The first major thing to note is that all social events are optional. If you are too tired from interviewing, you definitely don’t have to go! However, they can often be a great way to get to know your potential future classmates and ask questions about the city/program/environment. Finally, remember that although there may not be any admissions officials at these social events, your conduct will be noted. The social gatherings tend to be casual, but admissions officials will know if you demonstrate poor judgment or make a scene.


  1. Chalk Talk (MD/PhD specific)

Some schools will ask you to give a more formal presentation of your research in lieu of explaining it during each individual interview. While this may sound daunting, have no fear – it often ends up being the most fun part of the interview, and it really gives you a chance to prepare something to impress everyone!

Essentially, you will just share your research for 5 to 10 minutes, focusing on your rationale and the major conclusions you reached. The individuals to whom you will present varies depending on the school, but you will never present in front of other applicants. Instead, almost all audiences will certainly include the MD/PhD directors, and you might also present in front of other admissions committee members and a current student or two. Most of the committees I encountered were around 6-7 people total.

Typically, you will be given a large white board and a dry erase marker for your talk. Most programs will not allow you to prepare a PowerPoint or any formal presentation, but many will permit you to bring in a piece of paper with a few figures if you need to provide graphic representations of your work that cannot be drawn out. Some schools will ask questions of you immediately following the presentation, and others will save any questions for the individual interviews with committee members later on.


  1. Journal Club (MD/PhD specific)

This is less common and not something I personally encountered during interviews, but some MD/PhD programs will ask you to attend a variation of a “journal club.” Most frequently, you will read a peer-reviewed article beforehand and then participate in a student-led discussion on the major experiments and findings. For this, the best advice would be to read the paper thoroughly and come with a few questions and insights!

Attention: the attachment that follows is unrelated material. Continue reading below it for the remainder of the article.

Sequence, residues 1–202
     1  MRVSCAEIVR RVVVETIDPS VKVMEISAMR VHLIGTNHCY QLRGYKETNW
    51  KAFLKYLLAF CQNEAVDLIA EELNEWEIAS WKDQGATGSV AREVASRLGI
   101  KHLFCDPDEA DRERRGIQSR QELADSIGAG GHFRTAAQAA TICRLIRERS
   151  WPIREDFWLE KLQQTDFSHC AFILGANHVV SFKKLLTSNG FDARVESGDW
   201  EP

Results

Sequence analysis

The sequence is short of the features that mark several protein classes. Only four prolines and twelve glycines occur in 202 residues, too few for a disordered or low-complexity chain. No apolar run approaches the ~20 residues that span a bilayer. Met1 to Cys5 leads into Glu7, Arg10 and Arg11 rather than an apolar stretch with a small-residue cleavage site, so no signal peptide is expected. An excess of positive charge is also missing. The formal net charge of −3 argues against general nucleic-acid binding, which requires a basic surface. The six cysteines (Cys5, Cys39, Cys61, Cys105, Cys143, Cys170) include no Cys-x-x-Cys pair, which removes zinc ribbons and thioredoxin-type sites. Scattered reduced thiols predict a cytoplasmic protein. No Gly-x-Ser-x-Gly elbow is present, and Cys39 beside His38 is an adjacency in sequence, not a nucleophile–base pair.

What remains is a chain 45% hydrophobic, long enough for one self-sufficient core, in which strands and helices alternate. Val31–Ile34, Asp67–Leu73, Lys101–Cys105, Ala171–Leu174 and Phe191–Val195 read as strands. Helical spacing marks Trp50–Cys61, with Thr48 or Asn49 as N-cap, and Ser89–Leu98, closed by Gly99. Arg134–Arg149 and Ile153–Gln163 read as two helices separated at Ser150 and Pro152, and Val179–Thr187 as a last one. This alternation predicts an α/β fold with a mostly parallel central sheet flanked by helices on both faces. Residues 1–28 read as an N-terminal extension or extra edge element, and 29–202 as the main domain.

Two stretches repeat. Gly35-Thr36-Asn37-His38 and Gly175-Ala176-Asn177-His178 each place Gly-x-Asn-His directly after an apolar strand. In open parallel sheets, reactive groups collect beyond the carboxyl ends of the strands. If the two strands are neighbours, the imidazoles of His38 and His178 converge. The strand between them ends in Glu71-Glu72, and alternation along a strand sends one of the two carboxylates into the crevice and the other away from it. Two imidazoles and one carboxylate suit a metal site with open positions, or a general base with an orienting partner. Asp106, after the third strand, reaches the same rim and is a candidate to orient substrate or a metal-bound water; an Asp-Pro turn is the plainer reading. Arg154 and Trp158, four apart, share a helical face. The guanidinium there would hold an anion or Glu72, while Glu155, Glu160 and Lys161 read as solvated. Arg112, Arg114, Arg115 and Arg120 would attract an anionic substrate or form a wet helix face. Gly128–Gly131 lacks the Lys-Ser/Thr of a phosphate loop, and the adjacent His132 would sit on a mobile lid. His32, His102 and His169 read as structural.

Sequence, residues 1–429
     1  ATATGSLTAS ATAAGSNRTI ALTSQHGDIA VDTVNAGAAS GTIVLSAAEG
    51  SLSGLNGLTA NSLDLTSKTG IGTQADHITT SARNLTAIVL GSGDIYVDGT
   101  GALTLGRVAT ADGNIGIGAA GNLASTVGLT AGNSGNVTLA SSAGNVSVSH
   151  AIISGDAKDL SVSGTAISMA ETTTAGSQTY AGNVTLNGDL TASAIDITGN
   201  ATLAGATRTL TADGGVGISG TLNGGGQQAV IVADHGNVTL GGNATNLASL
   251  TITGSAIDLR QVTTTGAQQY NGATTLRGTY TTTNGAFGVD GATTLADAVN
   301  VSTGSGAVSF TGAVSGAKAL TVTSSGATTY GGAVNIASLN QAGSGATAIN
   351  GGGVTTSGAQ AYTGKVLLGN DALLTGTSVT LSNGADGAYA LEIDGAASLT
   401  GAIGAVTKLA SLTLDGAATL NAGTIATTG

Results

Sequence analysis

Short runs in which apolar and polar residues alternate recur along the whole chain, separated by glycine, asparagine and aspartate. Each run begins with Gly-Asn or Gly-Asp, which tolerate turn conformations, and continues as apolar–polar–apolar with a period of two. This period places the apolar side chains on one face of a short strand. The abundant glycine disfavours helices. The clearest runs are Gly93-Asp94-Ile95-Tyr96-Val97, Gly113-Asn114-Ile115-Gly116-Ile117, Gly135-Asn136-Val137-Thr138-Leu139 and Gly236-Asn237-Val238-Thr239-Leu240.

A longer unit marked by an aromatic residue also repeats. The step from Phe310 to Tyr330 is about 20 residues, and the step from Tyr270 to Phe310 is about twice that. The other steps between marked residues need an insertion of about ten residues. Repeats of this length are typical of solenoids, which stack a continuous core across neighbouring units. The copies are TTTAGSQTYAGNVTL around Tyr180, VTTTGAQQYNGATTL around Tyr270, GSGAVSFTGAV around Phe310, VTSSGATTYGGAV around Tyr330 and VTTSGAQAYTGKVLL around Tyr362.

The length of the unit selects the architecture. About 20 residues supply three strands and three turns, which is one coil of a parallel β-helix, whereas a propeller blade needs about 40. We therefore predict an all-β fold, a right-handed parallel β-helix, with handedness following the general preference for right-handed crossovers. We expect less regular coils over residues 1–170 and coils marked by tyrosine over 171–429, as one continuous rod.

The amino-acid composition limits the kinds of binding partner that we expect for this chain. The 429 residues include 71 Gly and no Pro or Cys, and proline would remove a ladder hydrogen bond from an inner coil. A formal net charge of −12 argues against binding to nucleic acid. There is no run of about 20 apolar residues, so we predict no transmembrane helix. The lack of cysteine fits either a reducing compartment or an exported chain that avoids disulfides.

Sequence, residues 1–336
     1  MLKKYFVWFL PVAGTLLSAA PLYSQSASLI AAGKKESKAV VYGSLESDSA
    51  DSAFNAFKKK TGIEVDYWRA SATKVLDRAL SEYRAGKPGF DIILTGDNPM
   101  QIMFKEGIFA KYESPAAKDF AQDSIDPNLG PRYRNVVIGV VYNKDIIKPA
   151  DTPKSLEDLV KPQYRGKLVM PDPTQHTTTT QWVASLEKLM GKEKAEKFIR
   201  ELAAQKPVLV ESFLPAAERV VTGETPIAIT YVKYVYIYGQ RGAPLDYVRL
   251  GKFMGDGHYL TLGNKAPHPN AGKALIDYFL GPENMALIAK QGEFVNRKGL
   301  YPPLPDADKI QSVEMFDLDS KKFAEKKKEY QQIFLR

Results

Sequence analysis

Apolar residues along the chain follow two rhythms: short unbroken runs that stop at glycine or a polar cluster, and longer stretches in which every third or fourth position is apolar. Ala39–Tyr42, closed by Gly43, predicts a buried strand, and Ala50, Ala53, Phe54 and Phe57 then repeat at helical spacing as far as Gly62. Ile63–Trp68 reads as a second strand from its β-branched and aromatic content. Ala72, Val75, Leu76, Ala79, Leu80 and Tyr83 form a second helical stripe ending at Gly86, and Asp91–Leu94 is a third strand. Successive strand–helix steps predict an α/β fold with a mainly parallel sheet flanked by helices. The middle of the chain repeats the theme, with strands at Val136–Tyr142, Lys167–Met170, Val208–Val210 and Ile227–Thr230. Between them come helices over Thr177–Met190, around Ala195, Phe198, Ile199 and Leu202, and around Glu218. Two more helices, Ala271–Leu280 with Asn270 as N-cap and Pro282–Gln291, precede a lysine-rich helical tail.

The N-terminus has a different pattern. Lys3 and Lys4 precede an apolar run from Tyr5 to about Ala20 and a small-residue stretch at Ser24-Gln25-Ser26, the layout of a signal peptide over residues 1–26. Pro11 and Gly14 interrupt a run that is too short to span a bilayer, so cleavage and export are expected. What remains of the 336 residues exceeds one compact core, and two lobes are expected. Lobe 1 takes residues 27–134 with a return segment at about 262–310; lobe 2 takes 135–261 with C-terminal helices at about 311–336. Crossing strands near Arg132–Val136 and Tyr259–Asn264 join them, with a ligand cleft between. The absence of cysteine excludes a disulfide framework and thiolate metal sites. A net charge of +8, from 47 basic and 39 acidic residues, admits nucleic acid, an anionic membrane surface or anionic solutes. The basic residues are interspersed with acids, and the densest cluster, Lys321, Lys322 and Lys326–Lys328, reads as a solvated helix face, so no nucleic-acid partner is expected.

Overall Tips for the Interview

  1. PRACTICE. Have your school’s Career Services (or pre-med advisor or equivalent) quiz you with some common questions. Practice with your friends or a family member. Interviews generally won’t be “hard” or intended to trick you, but being more comfortable will allow you to give your best answers even under the perceived pressure of being stared at by someone important.
  2. Prepare various “pitches” of your research. I generally went into interviews with three versions of my research – one that was just a sentence or two, one that was about 30 seconds to 1 minute, and one that was a more detailed ~5 minute explanation. It definitely helped to have a few talking points in mind and know which of the major topics I should cover depending on how much time I had in each interview. You don’t want to have everything memorized, but you also don’t want to struggle to come up with ways to explain your research on the spot since this is a guaranteed question.
  3. Stay calm. This is always one of the hardest things to do, especially if you feel like an interview isn’t going your way. Even if you aren’t answering perfectly, you can still choose to be the student who remained graceful. This gives schools a better chance to see your real personality. Additionally, things are often not going as bad as you perceive in the moment. Avoid making them worse; stay calm and keep trying!
  4. Similarly, be genuine. There’s no need to put up a false front at an interview. If you have to be someone else to get in to a program (which probably won’t work anyway!), you likely would not be happy at this school in the end. Being yourself allows you to make some great connections and really “click” with some of the people you meet. And again, even if there isn’t an immediate “clicking,” stay calm!
  5. Have fun! Make some new friends and enjoy seeing another city. Be professional at all times, but don’t be afraid to smile and laugh when it’s appropriate! 🙂



Good luck, and we hope to see some of you at UAB interviews soon!
Emily Hayward, MS-1